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According to U.S. News and World Report’s global perceptions-based survey on the best countries to raise children in, India ranks at 65 out of 80 countries. The top country is Sweden.

ThePrint asks: As India falls 7 spots in global ranking, is it a safe country to raise children?


India, which doesn’t invest adequately in health and education, is no country for children

Kaveree Bamzai
Senior journalist

The Best Countries to Raise Kids ranking draws from a global perceptions-based survey and ranks countries based on scores from a compilation of eight country attributes: cares about human rights, family-friendly, gender equality, happy, income equality, safe, well-developed public education system and well-developed health care system.

Is it a surprise that India has dropped seven places?

Nobel Laureate Amartya Sen argued that no country can progress unless it invests in education and healthcare. But India is no country for children. Education spending is down and a new national education policy has been in limbo for five years. Spending on health has risen, but only marginally.

But according to a recent study in the British Medical Journal, the Indian medical industry fares poorly on many critical parameters, including quality of health care as well as qualification of doctors—54 per cent of health professionals in India do not have proper qualifications, while 20 per cent of adequately qualified doctors are not part of the workforce.

Is it any surprise that China, which invested in healthcare and education, grew its GDP per capita from $190 in 1978 to $5,432 in 2011? And that India is delighted at the prospect of raising its GDP per capita to $3,200 by next year. Modest expectations can only create a generation of stunted human capital.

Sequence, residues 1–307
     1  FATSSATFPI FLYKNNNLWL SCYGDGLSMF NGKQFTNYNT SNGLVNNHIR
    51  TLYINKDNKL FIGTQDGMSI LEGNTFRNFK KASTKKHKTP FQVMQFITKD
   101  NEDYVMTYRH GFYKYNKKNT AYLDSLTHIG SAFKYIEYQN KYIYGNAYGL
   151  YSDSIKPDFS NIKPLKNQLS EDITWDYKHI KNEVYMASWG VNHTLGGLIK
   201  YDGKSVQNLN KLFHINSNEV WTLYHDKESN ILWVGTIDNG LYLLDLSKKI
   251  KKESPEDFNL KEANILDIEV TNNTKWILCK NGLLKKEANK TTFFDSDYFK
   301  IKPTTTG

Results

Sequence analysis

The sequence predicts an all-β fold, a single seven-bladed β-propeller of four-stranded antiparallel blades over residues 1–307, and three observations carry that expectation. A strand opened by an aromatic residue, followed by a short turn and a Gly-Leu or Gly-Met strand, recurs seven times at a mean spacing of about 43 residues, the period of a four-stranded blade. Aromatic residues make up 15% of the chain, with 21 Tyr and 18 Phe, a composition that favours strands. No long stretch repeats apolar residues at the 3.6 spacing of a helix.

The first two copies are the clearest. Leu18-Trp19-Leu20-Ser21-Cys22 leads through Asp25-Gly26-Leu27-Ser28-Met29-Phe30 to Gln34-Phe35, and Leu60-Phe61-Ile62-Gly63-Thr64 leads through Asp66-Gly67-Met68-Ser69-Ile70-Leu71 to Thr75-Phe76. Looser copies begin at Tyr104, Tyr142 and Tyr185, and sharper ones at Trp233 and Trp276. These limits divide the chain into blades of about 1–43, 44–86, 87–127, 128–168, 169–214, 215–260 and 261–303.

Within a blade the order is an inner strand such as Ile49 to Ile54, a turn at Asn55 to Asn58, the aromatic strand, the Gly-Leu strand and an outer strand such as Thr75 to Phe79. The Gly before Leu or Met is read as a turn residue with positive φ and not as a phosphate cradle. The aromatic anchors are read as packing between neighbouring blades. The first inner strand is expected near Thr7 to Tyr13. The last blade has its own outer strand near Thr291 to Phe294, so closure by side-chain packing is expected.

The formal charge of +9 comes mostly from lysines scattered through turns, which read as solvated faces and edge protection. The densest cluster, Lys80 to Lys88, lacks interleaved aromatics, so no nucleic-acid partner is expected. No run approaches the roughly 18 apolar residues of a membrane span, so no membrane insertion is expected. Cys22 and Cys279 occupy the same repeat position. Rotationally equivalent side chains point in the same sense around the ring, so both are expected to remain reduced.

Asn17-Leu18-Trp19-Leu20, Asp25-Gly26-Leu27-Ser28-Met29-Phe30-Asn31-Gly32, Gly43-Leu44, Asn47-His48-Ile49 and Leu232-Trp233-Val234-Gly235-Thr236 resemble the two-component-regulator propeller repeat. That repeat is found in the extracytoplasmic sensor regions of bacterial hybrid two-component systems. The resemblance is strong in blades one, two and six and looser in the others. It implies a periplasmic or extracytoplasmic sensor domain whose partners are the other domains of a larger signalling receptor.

Also read: More Indians now maintain age gap of 3 years between two children, shows survey


When it comes to working parents, India is a very affordable country to raise children in

Remya Nair
Senior associate editor, ThePrint

Safety is an important aspect of child raising, and unfortunately, India lags behind in this aspect. It has found it difficult to ensure the safety of children even in school premises or school buses, making parents anxious while sending their children to schools.

Many Indian cities are also battling pollution problems that impact a child’s health and development. But many other factors come into play when you decide where to bring up your child.

If both parents are working, a support mechanism is crucial. So typically, one prefers to stay near the grandparents or close to other family so that there is a lending hand available in times of need, especially in times of sickness or emergencies.

Childcare and education costs also come into play while making a decision. Indian cities offer much more affordable options in both these aspects compared to other developed countries.

To be sure, the Indian education system is often found lacking in promoting the all-round development of a child. The perception is that the Indian education system is much more rigorous when it comes to studies compared to other countries, but is not able to teach basic life skills to children.


Also read: Indian children are schooling, not learning. Modi govt must fix it with national edu policy


Only happy parents can raise happy children. Are Indians happy?

Himani Chandna
Special correspondent, ThePrint

Even before parents start raising their child with the first drop of milk, he/she is exposed to harmful pollutants in the mother’s womb.

Once born, an increasing number of infants are being admitted in Intensive Care Units (ICUs) of hospitals – thanks to the country’s unattended crisis of air pollution.

The foremost step of raising children well is feeding them nutritious food. But that looks unlikely because the quality of fruits and vegetables available around us is dubious.

For instance, a study by the National Environmental Engineering Research Institute found that the vegetables supplied to large wholesale mandis “contain high doses of lead, which, on prolonged consumption, could trigger a range of diseases, including cancer, and damage organs.”

Such news items appear on a regular basis, but go unattended by the authorities concerned.

Even if the children survive hazardous air-quality and contaminated food, the increasing problem of intolerance, hate crimes, social instability, violence against women, caste and religion-based violence will end up impacting their quality of life.